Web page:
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Dental caries remains a common public health issue. The Global Burden of Disease 2010 Study showed that untreated caries in permanent teeth was the most prevalent condition among all diseases evaluated.1 In addition, untreated caries in deciduous teeth was the tenth most prevalent condition, affecting 9% of the population worldwide.1 Similarly, the 2010 Canadian Health Measures Survey reported that 57% of children aged 6 to 11 years have experienced at least one cavity.2
It is evident that the pediatric population continues to be in need of comprehensive dental treatment. For practitioners to be able to provide safe and effective dental care to children, they must possess a fundamental understanding of pharmacological principles and how these principles differ in pediatric patients compared to adult patients. In this article, the pharmacokinetic and pharmacodynamic changes in children are discussed, with specific emphasis on the most commonly prescribed medications: local anesthetics, analgesics, and antibiotics.
The term pharmacokinetics refers to what an organism does to a drug after its administration, specifically, its absorption, distribution, biotransformation, and elimination.3 Various biological and physiological differences exist between children and adults; this fact ultimately affects the pharmacokinetic parameters and alters the disposition of drugs administered to pediatric patients.
Drug absorption describes the process by which the drug is transferred from the site of administration to the blood stream. The gastric pH in children is more acidic compared to adults, resulting in an increase in absorption of acid labile drugs, such as penicillin and amoxicillin, and an associated increase in the drug's effect.4 Furthermore, prolonged gastric emptying in children may result in a delayed time to reach peak concentrations, meaning the expected actions of the drug can take longer to achieve.5 Another factor affecting absorption is intestinal transit time, which appears to be shorter in children aged 8 and younger, thereby reducing the amount of total drug absorbed.6
Once a drug is absorbed into the blood stream, it is distributed to the body's various tissues and organs. Physiological factors influencing distribution include membrane permeability, body composition, and plasma protein binding. In terms of membrane permeability, the blood-brain barrier is less mature in children, allowing for the possible penetration of drugs and resultant associated toxicity.4 Moreover, the total body composition is significantly different in children when compared to adults. Children have much higher proportions of total body water, leading to a relatively higher volume of distribution of hydrophilic drugs and a correspondent lower plasma concentration.5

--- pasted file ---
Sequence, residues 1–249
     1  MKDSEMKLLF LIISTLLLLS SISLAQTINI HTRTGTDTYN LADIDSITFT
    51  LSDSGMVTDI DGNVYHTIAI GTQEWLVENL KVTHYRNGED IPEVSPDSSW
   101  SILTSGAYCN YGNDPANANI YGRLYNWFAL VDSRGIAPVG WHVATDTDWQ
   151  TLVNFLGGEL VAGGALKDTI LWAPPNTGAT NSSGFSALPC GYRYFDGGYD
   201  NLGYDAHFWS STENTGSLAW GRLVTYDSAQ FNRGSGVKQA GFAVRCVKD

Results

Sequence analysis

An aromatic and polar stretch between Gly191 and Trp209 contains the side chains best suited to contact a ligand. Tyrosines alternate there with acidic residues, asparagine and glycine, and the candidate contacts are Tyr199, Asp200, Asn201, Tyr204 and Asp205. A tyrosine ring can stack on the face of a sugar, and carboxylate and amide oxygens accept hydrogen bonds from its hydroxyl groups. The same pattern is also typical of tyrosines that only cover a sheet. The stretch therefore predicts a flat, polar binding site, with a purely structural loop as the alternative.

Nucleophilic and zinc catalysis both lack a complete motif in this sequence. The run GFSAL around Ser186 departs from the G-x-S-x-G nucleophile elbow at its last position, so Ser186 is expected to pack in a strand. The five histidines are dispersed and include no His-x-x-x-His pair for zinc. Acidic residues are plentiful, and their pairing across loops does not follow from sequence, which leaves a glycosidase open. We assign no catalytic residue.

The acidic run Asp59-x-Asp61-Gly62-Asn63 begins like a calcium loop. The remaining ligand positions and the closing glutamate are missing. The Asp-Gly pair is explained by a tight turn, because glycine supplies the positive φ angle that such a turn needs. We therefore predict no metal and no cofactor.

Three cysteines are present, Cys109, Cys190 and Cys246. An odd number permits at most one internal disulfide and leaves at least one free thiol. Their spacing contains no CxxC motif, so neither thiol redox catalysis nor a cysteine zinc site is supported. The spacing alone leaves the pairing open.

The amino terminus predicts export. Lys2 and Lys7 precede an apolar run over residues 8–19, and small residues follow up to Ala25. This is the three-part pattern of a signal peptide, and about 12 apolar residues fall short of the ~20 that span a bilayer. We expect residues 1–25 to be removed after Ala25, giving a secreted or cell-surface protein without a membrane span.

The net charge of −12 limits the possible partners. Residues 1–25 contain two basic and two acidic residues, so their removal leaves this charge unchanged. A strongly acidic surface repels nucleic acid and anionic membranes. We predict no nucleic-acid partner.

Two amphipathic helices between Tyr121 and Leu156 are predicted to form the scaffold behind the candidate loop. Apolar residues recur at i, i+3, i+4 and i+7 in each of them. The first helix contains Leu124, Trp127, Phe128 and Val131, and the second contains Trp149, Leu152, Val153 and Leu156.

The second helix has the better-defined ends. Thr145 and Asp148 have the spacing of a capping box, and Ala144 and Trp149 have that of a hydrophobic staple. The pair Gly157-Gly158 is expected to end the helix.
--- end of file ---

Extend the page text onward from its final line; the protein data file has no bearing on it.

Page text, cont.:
Lastly, plasma protein binding can greatly affect the distribution of drugs and the unbound fraction or free drug. Generally, basic drugs bind to globulin and α1-acid glycoprotein, while acidic drugs bind to albumin.7 In children, protein binding is usually reduced due to a decrease in the concentration of these proteins and their lower binding capacities.8,9 Also, the affinity of many drugs for albumin appears to be lower in children when compared to adults.10,11 Overall, these alterations in plasma protein binding properties lead to a higher fraction of unbound drug, which will result in a higher volume of distribution, thereby freeing up more of the drug to spread to the rest of the body and intensifying its pharmacological effects.
The primary objective of biotransformation is to change drugs into more water-soluble entities to aid in their elimination. The main organ involved in biotransformation is the liver, which constitutes 5% of body weight at birth but only 2% in adults.12 Most drugs are metabolized in two phases. Phase I reactions involve structural alterations to the molecule, while phase II reactions consist of conjugation with another more water-soluble moiety to enhance excretion.4 Both phase I and phase II metabolic pathways are immature in children, leading to differences in biotransformation of drugs and decreased hepatic clearance.5,13 A reduced intrinsic metabolic activity of the liver, including the CYP 450 dependent enzyme system, can increase the amount of drug in the plasma and predispose pediatric patients to exaggerated or toxic effects. Furthermore, children have increased hepatic blood flow due to a larger liver-to-total body mass ratio, meaning the drug will be introduced to the liver at a faster rate.6
The major organ involved in the excretion mechanism is the kidney. Kidney function is not fully developed at a young age and children experience reduced renal blood flow, glomerular filtration rates, and tubular secretion rates in comparison to adults.4,13 These factors impair the elimination of drugs and can lead to toxicity and other adverse effects if doses are not properly adjusted.
In summary, these pharmacokinetic differences in pediatric patients tend to raise the plasma concentrations of drugs, thereby increasing their risk of adverse events secondary to toxicity.
Pharmacodynamics describes the observed effect on the body resulting from a certain drug concentration.14 In children, these effects can be influenced by physiological differences or disease processes. More specifically, the number of receptors and their affinity for various drugs can change over time or be underdeveloped in children.13 In pediatric dentistry, pharmacodynamic concepts are especially important with regard to central nervous system (CNS) medications frequently prescribed during sedation.